Fired-up over changes to antique gun ownership

LOCAL firearms dealer and political candidate Ray Williams has joined his fellow Shooters, Fishers and Farmers Party colleagues in questioning a decision by Tasmania Police to cancel an exemption that allowed antique firearms to be owned without registration or licencing.

At a press conference in the New Norfolk Police Station late last week, Assistant Commissioner Rob Blackwood said “Exemption 4” had been cancelled with effect from that day, January 18. “Following a review, the Commissioner has determined to cancel Exemption No. 4 and antique firearms are now subject to the licencing, registration and storage provisions of the Firearms Act,” Mr Blackwood said.

Mr Blackwood said the changes were aimed at improving community safety and owners of antique firearms would be given time to consider their new licensing and registration requirements. “We understand this change will impact the owners of antique firearms,” he said. “The opportunity to apply for a time-limited individual exemption will give owners time to consider their options to keep, sell or dispose of the firearms,” he said. 

Following the announcement, Mr Williams questioned why the change was necessary. “My understanding is that pre-1900 firearms are rarely used in firearms crime,” he said. “To me this is another example of the woke political correctness and anti-firearm pressure that exists in Australia today and this is outright discrimination against law abiding Australians.”

Mr Williams urged firearms owners to join the Shooters, Fishers and Farmers Party of Tasmania, and provide financial support if possible, to enable the party to represent them in parliament. Mr Williams is the party’s candidate for Lyons at the next state election.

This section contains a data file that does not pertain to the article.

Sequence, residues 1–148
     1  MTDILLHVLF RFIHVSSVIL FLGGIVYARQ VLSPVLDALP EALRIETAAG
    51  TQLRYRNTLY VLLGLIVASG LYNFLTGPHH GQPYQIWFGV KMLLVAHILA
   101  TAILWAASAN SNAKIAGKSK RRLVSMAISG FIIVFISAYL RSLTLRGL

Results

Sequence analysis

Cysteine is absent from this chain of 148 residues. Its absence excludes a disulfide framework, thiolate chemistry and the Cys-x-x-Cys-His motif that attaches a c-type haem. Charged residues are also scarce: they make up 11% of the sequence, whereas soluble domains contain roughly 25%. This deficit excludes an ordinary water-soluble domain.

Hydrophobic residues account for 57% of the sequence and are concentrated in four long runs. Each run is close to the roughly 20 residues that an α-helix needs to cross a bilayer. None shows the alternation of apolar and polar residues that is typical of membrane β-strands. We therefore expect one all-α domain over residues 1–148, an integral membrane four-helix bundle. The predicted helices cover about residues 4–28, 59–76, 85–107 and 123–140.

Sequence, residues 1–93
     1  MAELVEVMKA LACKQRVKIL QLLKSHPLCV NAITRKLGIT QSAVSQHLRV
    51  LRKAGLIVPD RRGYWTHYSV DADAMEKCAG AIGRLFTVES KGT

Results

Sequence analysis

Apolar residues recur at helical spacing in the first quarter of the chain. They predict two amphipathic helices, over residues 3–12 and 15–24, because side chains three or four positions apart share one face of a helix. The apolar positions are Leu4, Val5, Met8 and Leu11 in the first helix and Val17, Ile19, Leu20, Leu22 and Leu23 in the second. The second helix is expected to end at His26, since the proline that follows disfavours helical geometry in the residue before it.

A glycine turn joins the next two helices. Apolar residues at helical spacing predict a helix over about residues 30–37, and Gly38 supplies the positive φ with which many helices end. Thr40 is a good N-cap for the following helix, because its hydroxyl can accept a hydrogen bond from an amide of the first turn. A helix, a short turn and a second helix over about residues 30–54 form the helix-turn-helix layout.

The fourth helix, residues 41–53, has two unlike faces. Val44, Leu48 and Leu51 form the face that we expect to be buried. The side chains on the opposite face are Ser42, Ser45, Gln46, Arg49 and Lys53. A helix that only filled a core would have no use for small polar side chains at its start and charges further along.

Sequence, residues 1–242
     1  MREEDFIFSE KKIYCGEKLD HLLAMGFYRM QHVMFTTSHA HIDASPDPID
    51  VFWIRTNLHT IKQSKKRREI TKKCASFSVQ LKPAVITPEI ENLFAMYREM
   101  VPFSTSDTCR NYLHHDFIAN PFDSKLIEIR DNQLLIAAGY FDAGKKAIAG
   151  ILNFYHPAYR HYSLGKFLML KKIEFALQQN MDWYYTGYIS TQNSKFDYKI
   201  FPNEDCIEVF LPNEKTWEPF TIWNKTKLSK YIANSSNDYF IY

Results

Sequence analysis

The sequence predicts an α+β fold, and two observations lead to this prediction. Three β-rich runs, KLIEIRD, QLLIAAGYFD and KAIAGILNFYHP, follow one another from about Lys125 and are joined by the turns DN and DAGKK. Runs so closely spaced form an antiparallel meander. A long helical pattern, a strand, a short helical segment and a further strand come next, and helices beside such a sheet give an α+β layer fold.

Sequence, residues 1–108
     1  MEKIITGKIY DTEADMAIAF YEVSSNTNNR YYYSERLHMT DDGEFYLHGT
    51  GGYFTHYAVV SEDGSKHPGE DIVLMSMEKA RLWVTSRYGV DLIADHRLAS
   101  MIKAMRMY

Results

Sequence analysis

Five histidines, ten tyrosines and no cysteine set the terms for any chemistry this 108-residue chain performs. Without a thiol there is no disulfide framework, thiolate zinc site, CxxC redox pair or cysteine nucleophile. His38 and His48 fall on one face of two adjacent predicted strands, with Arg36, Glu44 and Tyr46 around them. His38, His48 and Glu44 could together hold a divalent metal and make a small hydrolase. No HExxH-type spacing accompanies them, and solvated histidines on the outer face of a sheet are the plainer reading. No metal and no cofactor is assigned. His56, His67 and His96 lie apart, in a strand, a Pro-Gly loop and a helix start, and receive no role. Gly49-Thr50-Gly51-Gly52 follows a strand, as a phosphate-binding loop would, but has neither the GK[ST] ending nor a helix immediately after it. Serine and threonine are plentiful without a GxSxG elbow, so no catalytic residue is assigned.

Mr Blackwood said a new process was being implemented to manage the possession of antique firearms manufactured before the year 1900. He said anyone who owned antique firearms must now take steps to ensure their possession of those firearms complied with the Firearms Act 1996. Antique firearms owners have four options:

  • Apply for a time limited individual exemption (to continue to possess these firearms in compliant firearms storage for a limited time whilst applying for a suitable firearms licence and registration);
  • Apply for a firearms licence, or a licence upgrade now (this will require immediate surrender of the firearms to a licenced dealer during the process);
  • Sell the firearm through a licensed firearms dealer; or
  • Surrender the firearm to police for destruction (Tasmania has an ongoing firearms amnesty).

The Shooters, Fishers and Farmers Party expressed “deep concern” over the changes, which is said targetted law-abiding citizens. “The apparent lack of proper stakeholder engagement in this decision raises serious questions about the transparency and inclusivity of the process,” Braddon candidate Dale Marshall said.

Mr Marshall said the potential impact on antiques and historical items was unjustified. He called for careful consideration and public discourse on the proposed changes. “This ensures the safety, accountability, and preservation of historical items within our community,” he said. “Urging a collaborative approach, SFF calls for a thorough evaluation to safeguard our rights and to protect what’s left of our proud firearm history that so often is entrenched into the communities of Tasmania. SFF remains committed to fostering a constructive dialogue to achieve solutions that prioritise both public safety and the preservation of our cultural artifacts.”